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Speedy Gilmore: The 2006 Rochelle Gilmore Journal
Rochelle Gilmore - super sprinter and scratch race silver medallist at the 2002 world track championships - is a woman of ambition. After proving her prowess on the track, she's aiming to forge a successful career on the road. In 2004, she rode for Denmark-based Team S.A.T.S but in 2005, Rochelle joined the one of the longest-named teams in women's cycling, G.S. Safi-Pasta Zara Manhattan, where she will continue in 2006.
Follow Rochelle as she continues her rise to the top of the tree with her regular diary updates.
Sydney, December 25, 2006
It's that time of year again! Every December, Australia's professional female cyclists get together at the Australian Institute of Sport in Canberra to prepare for a new season.
Here at the AIS we can find the most advanced facilities in the world at our fingertips. We can access and utilize all of the services required to obtain optimal physical and psychological benefits.
After stepping off a plane from Italy less than 24hrs ago, it was an early start to the day and due to jet-lag I was wide awake at 5am! I jumped out of bed, ironed some clothes and repacked my bag for another trip. This time it was just a short trip to Canberra for a few days. By 7.30am I was out pedaling along the expressway enjoying the beautiful weather, a nice change from the low 2-4 degrees which I'd experienced last week in the Italian Dolomites. I turned around after 30 minutes of easy pedaling and headed home for a quick shower before preparing the car for my short road trip. The TOMTOM (Navigation System) was set up - just for the novelty of a new toy - my iPod songs were queued up, the fuel tank was full and the bag of Chico's and a RedBull were accompanying the seat beside me - all set!
Noon - I arrived at the AIS residence and checked myself into my room, just a single bed in a small room with a desk, sink, fan and a fridge. Each block has several communal bathrooms only a small flight of stairs away. My bags are now unpacked neatly into my new wardrobe and I'm off to lunch. Anyone who has been to the AIS residence will tell you how awesome... and dangerous the dining room is. The food variety, quality and quantity is absolutely fantastic. Today I'll have only fruit for lunch.
3pm this afternoon was our formal welcome meeting. We took this opportunity to reflect on the 2006 season and to suggest and discuss any future improvements that could be made in order to enhance the performance of our national development and professional's program.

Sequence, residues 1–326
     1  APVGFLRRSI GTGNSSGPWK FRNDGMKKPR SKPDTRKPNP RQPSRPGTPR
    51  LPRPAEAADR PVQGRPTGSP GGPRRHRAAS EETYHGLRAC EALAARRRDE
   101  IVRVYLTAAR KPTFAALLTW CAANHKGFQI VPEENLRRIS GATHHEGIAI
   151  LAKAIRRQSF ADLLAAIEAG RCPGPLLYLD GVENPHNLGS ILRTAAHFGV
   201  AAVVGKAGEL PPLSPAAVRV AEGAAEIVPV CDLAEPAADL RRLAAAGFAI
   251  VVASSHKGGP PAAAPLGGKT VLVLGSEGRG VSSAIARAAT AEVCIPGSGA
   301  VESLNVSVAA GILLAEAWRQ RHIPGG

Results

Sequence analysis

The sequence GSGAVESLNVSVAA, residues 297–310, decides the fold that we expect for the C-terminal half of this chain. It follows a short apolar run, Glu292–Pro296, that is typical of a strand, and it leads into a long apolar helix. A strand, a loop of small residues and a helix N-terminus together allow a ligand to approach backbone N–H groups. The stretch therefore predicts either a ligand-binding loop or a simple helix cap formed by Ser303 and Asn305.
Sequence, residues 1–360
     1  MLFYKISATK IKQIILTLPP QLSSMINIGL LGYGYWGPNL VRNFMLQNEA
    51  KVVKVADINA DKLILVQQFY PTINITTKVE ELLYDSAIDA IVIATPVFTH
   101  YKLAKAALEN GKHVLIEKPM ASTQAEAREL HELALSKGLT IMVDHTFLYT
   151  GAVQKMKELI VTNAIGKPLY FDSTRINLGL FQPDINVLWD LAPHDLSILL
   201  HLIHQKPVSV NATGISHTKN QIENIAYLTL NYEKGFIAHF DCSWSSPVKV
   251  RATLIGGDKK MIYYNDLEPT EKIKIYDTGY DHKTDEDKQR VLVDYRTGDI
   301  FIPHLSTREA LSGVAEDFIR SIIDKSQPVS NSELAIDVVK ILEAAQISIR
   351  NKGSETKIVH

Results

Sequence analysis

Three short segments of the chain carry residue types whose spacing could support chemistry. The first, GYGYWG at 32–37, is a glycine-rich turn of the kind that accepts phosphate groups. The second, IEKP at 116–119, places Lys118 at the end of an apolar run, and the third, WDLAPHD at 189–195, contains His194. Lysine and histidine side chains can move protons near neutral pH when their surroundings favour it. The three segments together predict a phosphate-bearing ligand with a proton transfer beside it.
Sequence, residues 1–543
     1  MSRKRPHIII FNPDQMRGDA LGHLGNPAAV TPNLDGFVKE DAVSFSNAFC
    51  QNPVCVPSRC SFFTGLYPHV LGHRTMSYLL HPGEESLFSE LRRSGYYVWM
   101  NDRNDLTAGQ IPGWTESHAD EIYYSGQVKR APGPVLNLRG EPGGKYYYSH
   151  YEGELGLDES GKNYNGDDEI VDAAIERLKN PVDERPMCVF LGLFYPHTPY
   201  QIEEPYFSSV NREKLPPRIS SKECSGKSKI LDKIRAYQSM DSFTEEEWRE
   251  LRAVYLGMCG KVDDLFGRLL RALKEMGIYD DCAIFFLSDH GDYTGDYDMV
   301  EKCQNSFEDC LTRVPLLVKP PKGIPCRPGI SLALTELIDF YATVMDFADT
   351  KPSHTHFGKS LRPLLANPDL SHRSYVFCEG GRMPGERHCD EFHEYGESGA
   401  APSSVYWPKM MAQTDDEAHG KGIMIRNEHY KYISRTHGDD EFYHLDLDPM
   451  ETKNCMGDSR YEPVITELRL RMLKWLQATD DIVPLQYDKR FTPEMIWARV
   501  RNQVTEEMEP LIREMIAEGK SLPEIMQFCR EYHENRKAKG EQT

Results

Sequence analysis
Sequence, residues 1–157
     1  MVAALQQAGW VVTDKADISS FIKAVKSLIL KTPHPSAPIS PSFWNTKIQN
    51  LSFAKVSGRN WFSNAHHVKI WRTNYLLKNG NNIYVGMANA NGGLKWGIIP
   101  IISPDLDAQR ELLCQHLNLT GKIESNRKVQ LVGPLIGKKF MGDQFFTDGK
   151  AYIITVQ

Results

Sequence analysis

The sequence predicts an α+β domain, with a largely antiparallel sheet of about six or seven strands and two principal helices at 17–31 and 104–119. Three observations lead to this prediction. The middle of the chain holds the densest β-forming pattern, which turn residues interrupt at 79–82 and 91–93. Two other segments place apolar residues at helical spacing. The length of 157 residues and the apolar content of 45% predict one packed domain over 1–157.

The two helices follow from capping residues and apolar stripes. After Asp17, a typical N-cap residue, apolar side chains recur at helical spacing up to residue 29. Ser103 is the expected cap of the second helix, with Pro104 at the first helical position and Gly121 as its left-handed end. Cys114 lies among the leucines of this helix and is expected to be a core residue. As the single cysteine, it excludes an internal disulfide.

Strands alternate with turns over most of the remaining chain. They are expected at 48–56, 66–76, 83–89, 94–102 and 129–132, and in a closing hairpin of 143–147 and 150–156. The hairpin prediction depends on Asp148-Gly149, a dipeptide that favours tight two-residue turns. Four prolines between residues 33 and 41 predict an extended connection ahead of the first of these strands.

Present at this years camp are the following athletes: Kate Bates, Natalie Bates, Olivia Gollan, Hellen Kelly, Alexis Rhodes, Emma Rickards, Oenone Wood and myself. The introduction meeting was headed by Warren McDonald (women's national road cycling coach), Keven Tabotta (cycling's national high performance manager) and Dave Martin (Australia's guru sports scientist).
We now have our camp schedules which look quite complex; some say you need a degree to comprehend them! After 30 minutes of studying the graphs, I've managed to interpret my personal schedule for tomorrow - it looks like a busy day!
8am: Individual training
It's now 6:30pm Monday night and my body is starting to struggle with the Jet-Lag so I'm off for an early dinner, 30 minutes on the rollers, a good stretch and then straight to bed!
6am and I was wide awake listening to a herd of athletes exit their dorms and trotting down the stairs - if you were a permanent resident here you would definitely need a good set of earplugs! I entered the dining room with a plan to eat a small bowl of cereal before heading out for a ride. I saw the tray of golden brown fluffy pancakes and couldn't refuse them, nor did I want to! I enjoyed my five pancakes while watching a little news on the big flat screen TV and I'd occasionally observe the daily routines of the other athletes from many other sports. Coffee was popular, there was always a gathering around the machine and I saw one lady return three times in 20 minutes!